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MIDGET ZOMBIE TAKEOVER -- SO BAD IT'S GOOD?

by Thomas M. Sipos, managing editor  [May 11, 2013]

 

 

 

 

[HollywoodInvestigator.com]  The title Midget Zombie Takeover suggests an intentionally inept horror film. Something for Mystery Science 3000 fans. A film calculated to be "So bad it's good."

That's always risky. Most "so bad it's good" films are so by accident. Plan for it, and you usually get something "so bad its unwatchable." A case of lazy filmmaking, where cast and crew simply "kicked back" and had a good time on set, not even trying to do a good job -- resulting in a work that is turgid, dull, and boooo-riiiiing!

Yet despite its outrageous title and incompetent cast, Midget Zombie Takeover is enjoyable, at least for forgiving fans of grassroots indie horror. It's not scary or slick or atmospheric. Its story is wholly unoriginal -- young people trapped in a house during a zombie plague. But it has some funny jokes and, after a slow start, shambles along at a mostly decent pace.

"I told the cast members that no matter how awful a line or plot twist might be, they needed to play it straight," writer/director Glenn Berggoetz told the Hollywood Investigator. "If I had them ham up dialog that was already inane, it would have been too much. I was thrilled with how seriously the cast delivered their lines.

"The film was shot in Fort Wayne, Indiana (B-roll footage in the Denver area). It was difficult finding cast and crew in Fort Wayne, so I cast a wide net. I ended up with cast members from Wisconsin, Illinois, Indiana, and Ohio. Of the 18 cast members, over half had never acted before. Most of the rest only had limited acting résumés. But their inexperience fit perfectly into the film's campiness. I couldn't have been more thrilled with their performances!"

Although the film is called Midget Zombie Takeover, it's scant on midgets. One of them resembled a dwarf. The rest looked normal-sized. It's hard to tell, as the zombies don't share many shots with the living. Mostly, the victims hide indoors. The zombies saunter outside. There's some interaction, but not much.

"I had a nightmare finding little people!" said Berggoetz. "Apparently there are few to no little people in the Midwest who act. I posted ads on Craigslist from Chicago, to Indianapolis, to Toledo, to half a dozen other, smaller cities. I contacted little people support groups all over the Midwest but got zero responses. Finally, I heard from Pinkerton Xyloma of Dead Man's Carnival out of Milwaukee. He got me in touch with one his performers, Travis Greene, who made the seven-hour drive to Fort Wayne to play the main zombie. The rest of the zombies are all technically little people (shorter than 4'10"), but you are correct that they are fairly tall for little people.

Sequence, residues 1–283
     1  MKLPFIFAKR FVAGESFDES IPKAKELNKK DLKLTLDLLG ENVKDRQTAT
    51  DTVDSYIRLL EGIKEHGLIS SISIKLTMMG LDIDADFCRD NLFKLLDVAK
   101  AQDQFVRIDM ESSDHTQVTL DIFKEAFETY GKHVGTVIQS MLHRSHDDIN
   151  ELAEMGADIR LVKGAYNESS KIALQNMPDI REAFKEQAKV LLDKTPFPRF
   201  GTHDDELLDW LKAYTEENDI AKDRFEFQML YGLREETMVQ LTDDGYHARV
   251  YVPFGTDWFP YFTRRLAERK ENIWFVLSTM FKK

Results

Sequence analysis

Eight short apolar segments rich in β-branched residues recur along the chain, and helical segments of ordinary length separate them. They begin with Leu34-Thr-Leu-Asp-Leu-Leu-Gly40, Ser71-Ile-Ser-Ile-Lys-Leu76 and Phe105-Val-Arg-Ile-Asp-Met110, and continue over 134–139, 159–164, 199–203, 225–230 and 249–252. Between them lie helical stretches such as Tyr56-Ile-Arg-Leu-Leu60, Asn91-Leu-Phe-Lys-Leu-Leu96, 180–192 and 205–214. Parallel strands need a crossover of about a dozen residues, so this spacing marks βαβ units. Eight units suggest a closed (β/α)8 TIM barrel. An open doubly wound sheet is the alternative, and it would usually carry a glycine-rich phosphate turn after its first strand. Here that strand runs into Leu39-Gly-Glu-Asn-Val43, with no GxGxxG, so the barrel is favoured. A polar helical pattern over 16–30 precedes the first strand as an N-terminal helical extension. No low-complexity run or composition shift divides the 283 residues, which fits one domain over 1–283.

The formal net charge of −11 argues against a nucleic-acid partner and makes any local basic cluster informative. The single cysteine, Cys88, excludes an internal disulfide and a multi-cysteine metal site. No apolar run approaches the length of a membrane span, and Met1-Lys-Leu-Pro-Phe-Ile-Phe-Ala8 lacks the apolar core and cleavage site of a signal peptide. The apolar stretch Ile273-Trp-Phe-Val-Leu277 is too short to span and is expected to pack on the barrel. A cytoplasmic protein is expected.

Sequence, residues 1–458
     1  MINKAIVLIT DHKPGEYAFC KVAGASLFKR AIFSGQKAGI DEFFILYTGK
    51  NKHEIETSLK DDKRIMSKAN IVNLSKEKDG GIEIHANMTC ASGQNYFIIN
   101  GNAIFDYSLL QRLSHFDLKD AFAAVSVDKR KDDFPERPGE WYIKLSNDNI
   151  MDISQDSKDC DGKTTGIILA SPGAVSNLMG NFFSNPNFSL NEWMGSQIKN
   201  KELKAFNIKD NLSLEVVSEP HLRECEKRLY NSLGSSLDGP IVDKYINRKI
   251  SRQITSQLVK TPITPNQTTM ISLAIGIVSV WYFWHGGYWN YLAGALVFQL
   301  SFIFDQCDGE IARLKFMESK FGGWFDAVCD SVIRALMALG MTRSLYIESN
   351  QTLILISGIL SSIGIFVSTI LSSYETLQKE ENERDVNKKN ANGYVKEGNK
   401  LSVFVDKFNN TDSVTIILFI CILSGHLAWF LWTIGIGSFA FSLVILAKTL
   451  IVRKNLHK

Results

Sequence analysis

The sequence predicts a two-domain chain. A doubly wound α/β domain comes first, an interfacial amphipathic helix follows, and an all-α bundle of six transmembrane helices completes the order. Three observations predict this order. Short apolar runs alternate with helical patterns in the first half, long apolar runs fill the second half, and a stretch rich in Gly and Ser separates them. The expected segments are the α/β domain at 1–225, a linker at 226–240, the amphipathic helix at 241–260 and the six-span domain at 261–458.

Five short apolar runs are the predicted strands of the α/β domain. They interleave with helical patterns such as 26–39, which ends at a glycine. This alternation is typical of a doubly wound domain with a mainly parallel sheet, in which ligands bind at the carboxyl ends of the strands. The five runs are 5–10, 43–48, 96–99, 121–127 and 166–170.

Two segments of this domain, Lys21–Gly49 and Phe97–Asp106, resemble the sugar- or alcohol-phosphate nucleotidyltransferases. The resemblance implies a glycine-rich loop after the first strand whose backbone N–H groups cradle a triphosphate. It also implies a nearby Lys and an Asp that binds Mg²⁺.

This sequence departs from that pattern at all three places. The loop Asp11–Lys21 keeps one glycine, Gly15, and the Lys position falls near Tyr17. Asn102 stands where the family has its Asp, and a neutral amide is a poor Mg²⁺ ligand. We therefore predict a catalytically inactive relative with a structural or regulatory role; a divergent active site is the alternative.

"The working title was Little Zombie Takeover. The day the little people were on set (the zombies were only used one day of the four-day shoot) a discussion began among the cast and crew about the title. Some said it was confusing. Is it a small takeover with only a few zombies? Travis said we should call it Midget Zombie Takeover. He said that he's a midget, there's nothing wrong with the word, and he and all other little people he knows call themselves midgets. He said that maybe 5% of little people have an issue with the word, and those 5% are making things a pain in the butt for the rest of the little people who realize that midget is not a condescending term. That's how we ended up with Midget Zombie Takeover. Upon Travis's insistence."

 

 

Much of the dialog's humor derives from clichéd or redundant phrases repeated for satirical effect. Melodramatically, characters bemoan phrases like, "But how? But how?" or "But why us? Why us?" or say with great portent, "You may be right. You may be right." Almost every character is patted at some point and comforted with, "There, there, Molly. There, there." or whatever is the comforted's name.